The author has gone to length to vindicate General Gage's actions and his request for more troops and his assessment on where the war if it were to break out should be fought from. All his assertions and request would turn out to be followed a couple years after he first made request to the English parliament who ignored his request. And his counterpart Artemes Ward who by no desire of his own had the responsible of taking untrained individual militias and forming them into an army that would last ninety days and contain the British with the confines of Boston.

We are able too read of the exploits of the field commanders of both sides who showed courage and ingenuity such as General Howe and Col Stark or the ever moving Israel Putnam to name just a couple. As well as a detail telling of the men who formed the troops of both armies. Both were untried in actual battle and what was to come would be their first real battle. The Americans were ill-equipped, poorly trained yet well feed and full of esprit de cor. While their counter parts in the British army were not well fed but well-drilled, well-supplied and had naval support. As I mentioned above the major flaw was that neither army had battle experience though their officers by in large did. Lockhart does a wonderful and objective job at writing brief biographies of the principal officers on both the American and British sides.

Artemas Ward was able to do as he was asked with basically a mob of men from various areas though the American Militia Lost the battle. He was not a born leader and his caution is what Lockhart purports saved the First Continental Army and I after reading this account I would agree. And if his orders were followed to take Bunker Hill instead of Breed's Hill the British may never have attacked. Breed's Hill position as it related to Boston and lack of proper defense was an unavoidable target for assault. And General Howe lead an amphibious attack that should have succeed with a lot less casualties. The only fault in the British plan was the lack of discipline under fire of the British solider. The officers did their best yet the soldiers would not comply with their orders and the loss of life was higher than it should have been.

So though the “Battle of Bunker Hill” was a military victory for the British in reality it was a moral victory an celebrated as one by the Americans and it was a demoralizing action to the British forces. Casualties were high, but as Lockhart explains within the norm of a European battle. What made this battle rather hard on the British was the obscenely high casualty rate of officers. During the eight years of war that would ensue, twenty-five percent of all British military officer losses took place at this battle.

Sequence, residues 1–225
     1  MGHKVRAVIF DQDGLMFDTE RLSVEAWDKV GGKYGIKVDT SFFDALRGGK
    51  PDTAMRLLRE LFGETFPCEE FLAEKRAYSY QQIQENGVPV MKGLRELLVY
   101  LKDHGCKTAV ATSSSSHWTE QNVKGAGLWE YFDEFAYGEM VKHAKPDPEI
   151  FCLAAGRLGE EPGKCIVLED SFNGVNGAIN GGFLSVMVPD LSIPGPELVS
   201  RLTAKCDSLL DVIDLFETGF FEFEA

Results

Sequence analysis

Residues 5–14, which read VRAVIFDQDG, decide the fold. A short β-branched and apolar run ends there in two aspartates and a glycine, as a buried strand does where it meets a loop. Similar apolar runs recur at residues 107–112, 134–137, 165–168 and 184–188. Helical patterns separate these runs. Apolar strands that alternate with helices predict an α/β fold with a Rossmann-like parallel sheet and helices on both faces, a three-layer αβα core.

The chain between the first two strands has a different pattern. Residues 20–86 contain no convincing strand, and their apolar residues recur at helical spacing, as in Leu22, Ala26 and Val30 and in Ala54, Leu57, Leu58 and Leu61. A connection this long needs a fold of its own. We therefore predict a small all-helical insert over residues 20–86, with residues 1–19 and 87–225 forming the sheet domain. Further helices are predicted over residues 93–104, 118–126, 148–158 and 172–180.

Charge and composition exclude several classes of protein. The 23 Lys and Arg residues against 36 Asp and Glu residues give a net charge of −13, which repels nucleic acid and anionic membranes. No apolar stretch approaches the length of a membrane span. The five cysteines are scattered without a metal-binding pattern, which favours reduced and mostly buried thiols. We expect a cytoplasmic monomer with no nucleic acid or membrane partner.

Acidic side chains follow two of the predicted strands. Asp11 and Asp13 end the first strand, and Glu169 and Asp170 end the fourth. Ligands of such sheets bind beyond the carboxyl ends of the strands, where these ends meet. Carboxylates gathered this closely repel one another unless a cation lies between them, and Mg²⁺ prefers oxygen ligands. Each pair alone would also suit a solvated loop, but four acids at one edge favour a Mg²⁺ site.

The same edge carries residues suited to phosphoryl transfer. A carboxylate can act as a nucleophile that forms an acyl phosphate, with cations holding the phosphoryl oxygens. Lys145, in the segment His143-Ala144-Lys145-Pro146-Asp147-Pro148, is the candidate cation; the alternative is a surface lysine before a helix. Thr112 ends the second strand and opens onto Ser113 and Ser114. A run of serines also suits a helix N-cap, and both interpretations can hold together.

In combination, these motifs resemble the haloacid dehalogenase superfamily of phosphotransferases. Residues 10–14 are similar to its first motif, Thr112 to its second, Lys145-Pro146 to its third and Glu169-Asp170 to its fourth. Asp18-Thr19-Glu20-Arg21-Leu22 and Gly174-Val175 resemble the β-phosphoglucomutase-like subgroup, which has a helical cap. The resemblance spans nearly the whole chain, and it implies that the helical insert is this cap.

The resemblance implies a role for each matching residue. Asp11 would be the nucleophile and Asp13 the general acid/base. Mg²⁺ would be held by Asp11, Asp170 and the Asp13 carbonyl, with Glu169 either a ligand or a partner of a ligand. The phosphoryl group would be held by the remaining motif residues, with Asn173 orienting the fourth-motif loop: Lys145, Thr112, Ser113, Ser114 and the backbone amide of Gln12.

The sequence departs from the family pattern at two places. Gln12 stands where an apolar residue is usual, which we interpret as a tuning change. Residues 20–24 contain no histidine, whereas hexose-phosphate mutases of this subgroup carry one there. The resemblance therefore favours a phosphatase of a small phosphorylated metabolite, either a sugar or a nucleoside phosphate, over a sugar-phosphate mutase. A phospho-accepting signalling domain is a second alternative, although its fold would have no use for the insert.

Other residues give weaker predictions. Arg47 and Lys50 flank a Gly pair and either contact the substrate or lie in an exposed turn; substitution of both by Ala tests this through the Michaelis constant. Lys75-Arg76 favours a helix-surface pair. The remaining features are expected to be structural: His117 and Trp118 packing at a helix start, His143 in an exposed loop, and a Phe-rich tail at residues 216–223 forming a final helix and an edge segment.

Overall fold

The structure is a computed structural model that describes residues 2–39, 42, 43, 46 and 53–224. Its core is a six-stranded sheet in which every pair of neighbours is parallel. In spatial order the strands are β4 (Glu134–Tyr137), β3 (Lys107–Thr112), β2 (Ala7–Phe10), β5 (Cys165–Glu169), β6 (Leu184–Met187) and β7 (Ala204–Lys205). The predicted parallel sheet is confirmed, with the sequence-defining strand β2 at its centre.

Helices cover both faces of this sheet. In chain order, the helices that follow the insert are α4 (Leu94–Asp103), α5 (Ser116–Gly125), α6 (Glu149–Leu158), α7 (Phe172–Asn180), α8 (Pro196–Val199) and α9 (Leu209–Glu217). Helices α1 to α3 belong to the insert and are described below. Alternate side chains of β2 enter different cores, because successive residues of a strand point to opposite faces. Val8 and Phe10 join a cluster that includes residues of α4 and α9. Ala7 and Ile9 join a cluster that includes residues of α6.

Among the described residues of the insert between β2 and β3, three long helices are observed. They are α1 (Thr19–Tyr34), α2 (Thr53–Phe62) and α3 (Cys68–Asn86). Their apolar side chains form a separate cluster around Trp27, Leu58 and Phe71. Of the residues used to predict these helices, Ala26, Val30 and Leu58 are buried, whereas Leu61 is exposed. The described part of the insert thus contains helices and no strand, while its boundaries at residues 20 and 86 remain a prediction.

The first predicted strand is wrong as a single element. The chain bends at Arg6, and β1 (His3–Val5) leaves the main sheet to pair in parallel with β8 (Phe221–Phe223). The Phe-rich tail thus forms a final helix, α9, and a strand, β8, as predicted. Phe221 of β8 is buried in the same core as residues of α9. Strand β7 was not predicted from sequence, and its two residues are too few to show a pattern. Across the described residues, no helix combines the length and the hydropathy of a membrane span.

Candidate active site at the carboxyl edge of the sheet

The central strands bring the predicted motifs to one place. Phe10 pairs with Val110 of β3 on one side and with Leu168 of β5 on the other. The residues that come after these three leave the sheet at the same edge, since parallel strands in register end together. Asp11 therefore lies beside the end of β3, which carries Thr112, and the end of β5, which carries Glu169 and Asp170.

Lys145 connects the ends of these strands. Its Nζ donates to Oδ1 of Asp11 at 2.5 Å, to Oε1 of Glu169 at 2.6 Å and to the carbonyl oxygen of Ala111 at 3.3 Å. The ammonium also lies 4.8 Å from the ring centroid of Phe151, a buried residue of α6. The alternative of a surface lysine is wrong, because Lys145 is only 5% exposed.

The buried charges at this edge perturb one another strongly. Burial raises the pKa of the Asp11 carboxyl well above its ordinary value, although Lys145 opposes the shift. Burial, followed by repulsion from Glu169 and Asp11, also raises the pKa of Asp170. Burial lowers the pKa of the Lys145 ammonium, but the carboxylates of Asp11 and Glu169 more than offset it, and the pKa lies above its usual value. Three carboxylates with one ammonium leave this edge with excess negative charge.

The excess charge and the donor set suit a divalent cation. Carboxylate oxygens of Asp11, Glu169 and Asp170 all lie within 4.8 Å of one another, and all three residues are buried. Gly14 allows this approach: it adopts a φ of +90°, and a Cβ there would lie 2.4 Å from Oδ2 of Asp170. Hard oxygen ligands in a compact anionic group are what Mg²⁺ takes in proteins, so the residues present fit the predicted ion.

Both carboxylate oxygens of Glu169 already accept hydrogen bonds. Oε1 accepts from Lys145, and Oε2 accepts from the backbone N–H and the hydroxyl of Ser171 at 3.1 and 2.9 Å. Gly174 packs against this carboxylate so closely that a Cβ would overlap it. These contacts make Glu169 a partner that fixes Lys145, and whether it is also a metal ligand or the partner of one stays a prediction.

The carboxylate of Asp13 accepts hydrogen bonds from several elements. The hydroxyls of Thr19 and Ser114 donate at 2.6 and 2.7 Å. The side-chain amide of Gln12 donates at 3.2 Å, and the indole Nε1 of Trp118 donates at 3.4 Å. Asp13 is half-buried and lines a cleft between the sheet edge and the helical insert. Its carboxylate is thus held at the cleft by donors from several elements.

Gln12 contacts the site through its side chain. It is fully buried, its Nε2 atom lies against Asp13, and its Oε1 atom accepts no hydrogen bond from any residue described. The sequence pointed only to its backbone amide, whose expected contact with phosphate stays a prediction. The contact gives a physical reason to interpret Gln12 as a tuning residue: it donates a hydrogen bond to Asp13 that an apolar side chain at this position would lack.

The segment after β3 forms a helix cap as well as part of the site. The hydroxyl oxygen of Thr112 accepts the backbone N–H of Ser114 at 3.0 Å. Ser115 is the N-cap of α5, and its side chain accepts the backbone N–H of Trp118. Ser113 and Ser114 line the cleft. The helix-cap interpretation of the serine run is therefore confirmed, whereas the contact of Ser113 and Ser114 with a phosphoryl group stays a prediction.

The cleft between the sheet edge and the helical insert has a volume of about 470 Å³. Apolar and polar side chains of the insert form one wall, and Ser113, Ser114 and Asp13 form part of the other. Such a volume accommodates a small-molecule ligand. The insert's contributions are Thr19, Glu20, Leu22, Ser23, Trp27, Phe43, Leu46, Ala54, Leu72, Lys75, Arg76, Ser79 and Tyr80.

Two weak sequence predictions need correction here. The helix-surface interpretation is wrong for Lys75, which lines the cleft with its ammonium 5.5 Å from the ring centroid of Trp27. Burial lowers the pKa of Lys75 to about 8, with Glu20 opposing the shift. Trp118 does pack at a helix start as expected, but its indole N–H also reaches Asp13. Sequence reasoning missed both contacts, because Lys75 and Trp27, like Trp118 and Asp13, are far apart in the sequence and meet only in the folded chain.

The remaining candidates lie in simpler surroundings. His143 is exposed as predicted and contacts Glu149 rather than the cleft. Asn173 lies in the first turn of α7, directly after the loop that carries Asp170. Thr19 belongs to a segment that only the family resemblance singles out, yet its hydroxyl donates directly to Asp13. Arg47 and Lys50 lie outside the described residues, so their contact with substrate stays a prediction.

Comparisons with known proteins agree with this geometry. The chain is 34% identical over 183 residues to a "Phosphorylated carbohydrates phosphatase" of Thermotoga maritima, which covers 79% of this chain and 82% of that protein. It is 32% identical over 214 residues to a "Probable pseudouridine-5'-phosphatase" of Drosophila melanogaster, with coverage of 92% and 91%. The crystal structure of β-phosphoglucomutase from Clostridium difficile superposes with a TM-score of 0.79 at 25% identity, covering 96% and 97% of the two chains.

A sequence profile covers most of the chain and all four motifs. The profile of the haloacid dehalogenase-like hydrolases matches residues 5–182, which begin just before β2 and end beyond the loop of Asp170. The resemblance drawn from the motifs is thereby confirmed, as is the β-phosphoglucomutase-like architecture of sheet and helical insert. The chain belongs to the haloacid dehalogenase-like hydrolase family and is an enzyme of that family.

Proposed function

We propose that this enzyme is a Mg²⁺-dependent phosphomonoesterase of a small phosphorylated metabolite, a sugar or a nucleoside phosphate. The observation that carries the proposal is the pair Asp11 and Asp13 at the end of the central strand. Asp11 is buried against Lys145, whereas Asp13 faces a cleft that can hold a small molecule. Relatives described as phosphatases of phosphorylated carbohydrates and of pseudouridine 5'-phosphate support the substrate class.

The book is summed up with the aftermath of the battle; what happened to the officers on both side in the ensuing years and the arrival of George Washington who was appointed Commanding officer of the Continental Army much to the relief of Artemes Ward. The army that fought at Bunker Hill did their job and would not be the army of George Washington. But by in large most of the men did what was asked of them. We learn that in the ensuing years Washington would have to spend more time trying to make a cohesive army of the diverse volunteers than fighting the war up until valley Forge.

This is an excellent book and I recommend it highly to anyone who might be a little fuzzy on how the American Revolution went from political rebellion to armed insurrection. ( )
  hermit | Apr 23, 2011 |
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Offers a reassessment of the first major engagement of the American Revolution by intertwining two equally important stories--the creation of America's first army and the rise of the man who led it, George Washington.One hot June afternoon in 1775, on the gentle slopes of a hill near Boston, Massachusetts, a small band of ordinary Americans--frightened but fiercely determined--dared to stand up to a superior British force. But the first real engagement of the American Revolution and one of the most famous battles in our history, Bunker Hill was not the battle that we have been taught to believe it was. Revisiting old evidence and drawing on new research, Lockhart shows that Bunker Hill was a clumsy engagement pitting one inexperienced army against another. Lockhart tells the rest of the story, too: how a mob of armed civilians became America's first army; how George Washington set aside his comfortable patrician life to take command of the veterans of Bunker Hill; and how the forgotten heroes of 1775--though overshadowed by the more famous Founding Fathers--kept the notion of American liberty alive.--From publisher description.